Vendor hopes Sogi site for market okay for customers
A longtime Savalalo market vendor says she has no issues relocating but hopes the new site at Sogi will be convenient for customers such as tourists.
Florina Brewster, who has been a stall owner since 2007 and was among the many affected by the 2016 market fire, said she has heard about the plans to relocate the market over the years.
But they would rather play a waiting game and see how the Government progresses its plan, though concerns whether tourists will walk to Sogi to visit the market remain.
“I don’t mind the plans honestly, whenever they feel like doing it then it’s alright with me,” she told the Samoa Observer.
“Here (at Savalalo) we have lots of customers. All the tourists come by because it’s busy and closer to them.”
She started working at the market in 2005 looking after her mother’s shop while in school, before branching out on her own two years later.
“I was still in school then at Samoa College, and then in 2007 I started my own business here.”
In 2016 she was among those who suffered losses from the fire which burnt down the market and led to the loss of $1,000 worth of products.
“I was lucky to have bought my stock earlier that year and was able to start back to normal again when this place was built. I’m grateful to the Government for this temporary market,” she added.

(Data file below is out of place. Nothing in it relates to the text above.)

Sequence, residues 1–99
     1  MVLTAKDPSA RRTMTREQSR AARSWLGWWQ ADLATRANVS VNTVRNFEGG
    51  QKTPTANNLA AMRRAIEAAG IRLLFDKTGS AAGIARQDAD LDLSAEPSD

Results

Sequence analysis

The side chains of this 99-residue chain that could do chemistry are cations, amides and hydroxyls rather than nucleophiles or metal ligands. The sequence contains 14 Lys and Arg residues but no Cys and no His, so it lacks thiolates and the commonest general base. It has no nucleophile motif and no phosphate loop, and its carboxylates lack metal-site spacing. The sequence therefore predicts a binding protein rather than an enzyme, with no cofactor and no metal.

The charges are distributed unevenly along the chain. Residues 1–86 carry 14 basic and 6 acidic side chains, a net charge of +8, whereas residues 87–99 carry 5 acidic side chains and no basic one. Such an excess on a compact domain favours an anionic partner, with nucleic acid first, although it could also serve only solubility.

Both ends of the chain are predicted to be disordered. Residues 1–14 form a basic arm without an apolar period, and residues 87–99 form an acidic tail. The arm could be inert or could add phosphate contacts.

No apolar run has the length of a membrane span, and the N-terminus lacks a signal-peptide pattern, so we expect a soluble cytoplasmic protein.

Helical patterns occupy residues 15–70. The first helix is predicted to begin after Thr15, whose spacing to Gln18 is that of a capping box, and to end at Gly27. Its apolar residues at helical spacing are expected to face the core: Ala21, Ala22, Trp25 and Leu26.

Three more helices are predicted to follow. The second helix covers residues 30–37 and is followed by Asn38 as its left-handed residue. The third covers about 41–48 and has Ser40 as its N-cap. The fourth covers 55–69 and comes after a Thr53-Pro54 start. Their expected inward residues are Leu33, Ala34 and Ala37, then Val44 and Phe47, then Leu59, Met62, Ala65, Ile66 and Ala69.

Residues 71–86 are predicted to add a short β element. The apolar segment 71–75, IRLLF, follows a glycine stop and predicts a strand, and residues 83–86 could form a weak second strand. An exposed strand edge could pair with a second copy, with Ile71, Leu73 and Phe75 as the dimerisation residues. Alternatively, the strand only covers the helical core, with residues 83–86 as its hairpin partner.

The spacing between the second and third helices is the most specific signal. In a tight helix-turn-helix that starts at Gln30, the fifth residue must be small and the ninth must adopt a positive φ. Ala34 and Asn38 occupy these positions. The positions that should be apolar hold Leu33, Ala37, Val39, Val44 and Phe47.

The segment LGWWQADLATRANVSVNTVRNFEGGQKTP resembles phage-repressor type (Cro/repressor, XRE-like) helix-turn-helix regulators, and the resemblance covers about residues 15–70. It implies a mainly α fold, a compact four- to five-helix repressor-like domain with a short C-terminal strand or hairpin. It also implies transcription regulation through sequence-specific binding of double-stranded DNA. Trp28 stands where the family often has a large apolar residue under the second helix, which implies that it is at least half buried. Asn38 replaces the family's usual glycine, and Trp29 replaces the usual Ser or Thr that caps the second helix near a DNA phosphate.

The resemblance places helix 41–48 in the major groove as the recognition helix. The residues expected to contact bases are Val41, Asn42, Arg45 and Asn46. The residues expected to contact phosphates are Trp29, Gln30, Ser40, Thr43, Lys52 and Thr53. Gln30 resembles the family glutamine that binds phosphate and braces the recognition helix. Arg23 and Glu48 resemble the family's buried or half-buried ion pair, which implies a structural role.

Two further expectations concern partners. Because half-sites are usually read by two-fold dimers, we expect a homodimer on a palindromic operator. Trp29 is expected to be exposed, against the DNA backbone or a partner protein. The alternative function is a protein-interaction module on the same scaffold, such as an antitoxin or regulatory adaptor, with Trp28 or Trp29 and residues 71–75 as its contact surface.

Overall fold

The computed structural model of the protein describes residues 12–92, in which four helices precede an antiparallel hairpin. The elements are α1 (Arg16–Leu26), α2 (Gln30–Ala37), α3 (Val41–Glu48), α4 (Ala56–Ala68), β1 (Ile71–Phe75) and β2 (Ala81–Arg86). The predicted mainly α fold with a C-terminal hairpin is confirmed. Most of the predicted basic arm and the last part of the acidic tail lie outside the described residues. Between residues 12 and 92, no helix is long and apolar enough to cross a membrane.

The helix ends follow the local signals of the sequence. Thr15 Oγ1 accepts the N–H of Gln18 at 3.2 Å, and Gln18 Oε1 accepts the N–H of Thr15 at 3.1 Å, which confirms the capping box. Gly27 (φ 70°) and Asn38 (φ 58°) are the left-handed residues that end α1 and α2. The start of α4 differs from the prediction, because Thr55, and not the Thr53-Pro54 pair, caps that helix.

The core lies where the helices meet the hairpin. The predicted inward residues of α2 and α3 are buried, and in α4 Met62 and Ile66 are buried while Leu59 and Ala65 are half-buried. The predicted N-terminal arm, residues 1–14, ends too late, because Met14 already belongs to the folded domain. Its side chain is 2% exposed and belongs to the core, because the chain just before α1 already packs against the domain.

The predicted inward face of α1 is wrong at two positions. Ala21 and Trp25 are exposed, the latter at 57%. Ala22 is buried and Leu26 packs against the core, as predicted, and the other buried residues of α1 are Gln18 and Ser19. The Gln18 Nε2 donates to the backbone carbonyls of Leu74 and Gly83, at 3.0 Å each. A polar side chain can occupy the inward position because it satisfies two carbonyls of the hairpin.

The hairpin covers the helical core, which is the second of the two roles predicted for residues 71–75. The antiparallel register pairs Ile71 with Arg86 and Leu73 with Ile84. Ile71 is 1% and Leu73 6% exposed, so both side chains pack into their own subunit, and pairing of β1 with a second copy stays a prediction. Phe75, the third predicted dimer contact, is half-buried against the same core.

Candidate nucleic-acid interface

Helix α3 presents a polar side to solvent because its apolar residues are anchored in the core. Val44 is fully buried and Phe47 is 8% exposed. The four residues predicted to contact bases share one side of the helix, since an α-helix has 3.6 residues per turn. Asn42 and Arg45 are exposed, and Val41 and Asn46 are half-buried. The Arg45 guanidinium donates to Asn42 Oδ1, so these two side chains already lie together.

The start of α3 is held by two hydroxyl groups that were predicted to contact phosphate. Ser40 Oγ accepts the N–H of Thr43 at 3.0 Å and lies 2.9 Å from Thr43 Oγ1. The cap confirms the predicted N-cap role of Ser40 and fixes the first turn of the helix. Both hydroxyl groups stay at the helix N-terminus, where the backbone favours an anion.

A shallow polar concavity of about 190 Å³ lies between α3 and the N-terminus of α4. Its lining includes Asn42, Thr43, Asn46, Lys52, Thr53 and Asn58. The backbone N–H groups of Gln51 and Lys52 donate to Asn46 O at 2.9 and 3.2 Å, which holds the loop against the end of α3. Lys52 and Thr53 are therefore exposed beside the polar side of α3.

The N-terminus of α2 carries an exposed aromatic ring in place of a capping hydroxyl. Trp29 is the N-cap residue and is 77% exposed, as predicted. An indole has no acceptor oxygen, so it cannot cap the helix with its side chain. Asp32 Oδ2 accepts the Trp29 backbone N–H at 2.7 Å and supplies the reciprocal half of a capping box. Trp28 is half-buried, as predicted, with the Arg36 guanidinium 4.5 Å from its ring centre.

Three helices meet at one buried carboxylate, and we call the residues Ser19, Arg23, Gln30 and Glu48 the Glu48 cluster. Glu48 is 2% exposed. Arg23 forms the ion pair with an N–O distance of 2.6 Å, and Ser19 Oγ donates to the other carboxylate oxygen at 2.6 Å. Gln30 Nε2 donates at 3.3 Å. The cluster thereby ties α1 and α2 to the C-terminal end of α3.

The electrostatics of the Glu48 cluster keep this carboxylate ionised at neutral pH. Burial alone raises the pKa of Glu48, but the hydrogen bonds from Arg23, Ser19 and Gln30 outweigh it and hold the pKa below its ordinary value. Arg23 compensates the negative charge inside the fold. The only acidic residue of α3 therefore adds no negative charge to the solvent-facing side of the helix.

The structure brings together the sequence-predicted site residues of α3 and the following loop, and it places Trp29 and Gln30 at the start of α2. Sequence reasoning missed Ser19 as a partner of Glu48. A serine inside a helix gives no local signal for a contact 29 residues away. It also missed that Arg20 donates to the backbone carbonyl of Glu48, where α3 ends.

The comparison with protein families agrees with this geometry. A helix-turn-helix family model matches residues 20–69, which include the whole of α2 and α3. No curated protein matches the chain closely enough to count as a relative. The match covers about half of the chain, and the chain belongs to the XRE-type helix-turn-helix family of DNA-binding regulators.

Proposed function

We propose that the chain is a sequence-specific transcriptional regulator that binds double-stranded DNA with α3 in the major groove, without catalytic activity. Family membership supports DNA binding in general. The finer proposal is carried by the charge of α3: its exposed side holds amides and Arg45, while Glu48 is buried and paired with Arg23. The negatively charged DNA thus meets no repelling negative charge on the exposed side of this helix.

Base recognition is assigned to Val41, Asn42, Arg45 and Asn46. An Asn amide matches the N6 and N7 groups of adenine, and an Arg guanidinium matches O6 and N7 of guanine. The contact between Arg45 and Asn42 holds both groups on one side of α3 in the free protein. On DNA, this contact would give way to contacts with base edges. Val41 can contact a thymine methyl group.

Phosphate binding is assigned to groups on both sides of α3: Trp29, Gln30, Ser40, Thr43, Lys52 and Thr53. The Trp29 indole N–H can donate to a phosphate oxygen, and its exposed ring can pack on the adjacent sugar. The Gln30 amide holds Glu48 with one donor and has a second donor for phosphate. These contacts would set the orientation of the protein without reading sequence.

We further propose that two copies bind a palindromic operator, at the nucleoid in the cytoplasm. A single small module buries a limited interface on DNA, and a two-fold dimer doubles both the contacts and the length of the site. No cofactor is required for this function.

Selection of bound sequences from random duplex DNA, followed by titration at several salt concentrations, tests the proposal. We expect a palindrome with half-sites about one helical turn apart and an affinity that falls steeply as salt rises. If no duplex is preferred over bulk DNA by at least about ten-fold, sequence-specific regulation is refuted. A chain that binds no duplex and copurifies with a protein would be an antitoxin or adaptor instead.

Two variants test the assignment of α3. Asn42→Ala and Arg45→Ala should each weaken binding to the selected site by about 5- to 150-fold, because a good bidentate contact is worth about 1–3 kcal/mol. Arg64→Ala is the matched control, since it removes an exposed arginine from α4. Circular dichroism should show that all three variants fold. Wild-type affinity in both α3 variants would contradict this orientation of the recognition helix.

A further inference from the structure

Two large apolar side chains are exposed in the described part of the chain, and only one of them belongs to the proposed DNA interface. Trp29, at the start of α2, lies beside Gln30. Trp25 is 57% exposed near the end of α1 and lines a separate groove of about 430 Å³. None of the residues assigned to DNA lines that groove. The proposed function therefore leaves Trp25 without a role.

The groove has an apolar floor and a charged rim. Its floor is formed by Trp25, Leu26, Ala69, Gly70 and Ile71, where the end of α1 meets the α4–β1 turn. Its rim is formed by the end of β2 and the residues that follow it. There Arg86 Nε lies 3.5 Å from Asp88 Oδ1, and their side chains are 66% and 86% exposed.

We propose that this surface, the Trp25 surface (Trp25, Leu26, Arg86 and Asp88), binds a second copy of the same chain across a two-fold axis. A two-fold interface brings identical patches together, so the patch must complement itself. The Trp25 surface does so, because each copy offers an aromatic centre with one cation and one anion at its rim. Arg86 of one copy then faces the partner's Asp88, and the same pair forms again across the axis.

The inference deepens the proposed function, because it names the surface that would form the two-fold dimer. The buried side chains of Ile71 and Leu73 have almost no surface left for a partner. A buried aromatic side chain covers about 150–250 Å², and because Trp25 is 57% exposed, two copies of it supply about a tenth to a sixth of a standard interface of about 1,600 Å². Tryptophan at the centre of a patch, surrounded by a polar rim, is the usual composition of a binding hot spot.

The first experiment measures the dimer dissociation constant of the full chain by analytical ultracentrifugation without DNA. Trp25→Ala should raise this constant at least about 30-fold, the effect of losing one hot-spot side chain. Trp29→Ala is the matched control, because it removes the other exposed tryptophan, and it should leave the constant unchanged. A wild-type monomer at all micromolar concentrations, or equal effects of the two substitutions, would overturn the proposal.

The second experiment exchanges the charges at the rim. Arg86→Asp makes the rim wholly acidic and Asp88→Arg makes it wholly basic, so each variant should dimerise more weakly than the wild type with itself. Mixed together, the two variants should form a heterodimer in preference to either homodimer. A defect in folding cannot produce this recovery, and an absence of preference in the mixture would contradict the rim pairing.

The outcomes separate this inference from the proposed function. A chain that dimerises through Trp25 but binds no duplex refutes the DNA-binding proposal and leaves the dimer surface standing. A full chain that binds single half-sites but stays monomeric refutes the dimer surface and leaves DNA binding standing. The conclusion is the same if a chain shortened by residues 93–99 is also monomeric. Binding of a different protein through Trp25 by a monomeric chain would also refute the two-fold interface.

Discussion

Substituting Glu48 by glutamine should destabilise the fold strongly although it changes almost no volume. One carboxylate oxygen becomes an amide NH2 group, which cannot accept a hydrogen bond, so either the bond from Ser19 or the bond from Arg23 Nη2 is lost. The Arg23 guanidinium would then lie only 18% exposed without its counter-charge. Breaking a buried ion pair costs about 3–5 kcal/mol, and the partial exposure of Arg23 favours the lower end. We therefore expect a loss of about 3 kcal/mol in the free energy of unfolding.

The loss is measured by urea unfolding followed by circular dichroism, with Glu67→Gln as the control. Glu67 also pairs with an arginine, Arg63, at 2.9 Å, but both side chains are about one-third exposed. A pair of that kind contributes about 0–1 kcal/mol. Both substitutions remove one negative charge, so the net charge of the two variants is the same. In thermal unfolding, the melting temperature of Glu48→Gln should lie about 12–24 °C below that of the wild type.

The vendors currently pay rent to the Samoa Land Corporation (S.L.C.), which increased the fee to $8 tala from $6 tala.
But Ms Brewster said the prices for their goods have dropped in recent times despite the increase in rent.
"The prices for our handicrafts and items have gone down but not the rent. The space is smaller than what we usually paid for."
Located adjacent to the food selling area, her stall is often occupied by hungry adults, tourists and school children.
But with the school year scheduled to start in a month, Ms Brewster hopes the market will not become a location for another student brawl, as it has led to vendors’ stalls like hers getting damaged.
“It would be better if they put a sign up or something to stop that from happening more often,” she said.
When asked about concerns expressed by other vendors of the market being vulnerable to bad weather, Ms Brewster said it is normal and her colleagues should look at the positive side.
“Our people like to complain. But they should be looking at the positive side of what’s going on.”
The current Savalalo market was built four years ago to be a temporary facility for vendors and their customers after fire burnt down the original market in 2016.
S.L.C. has advised the public of its plans to relocate the market to Sogi but it is not known when that will happen.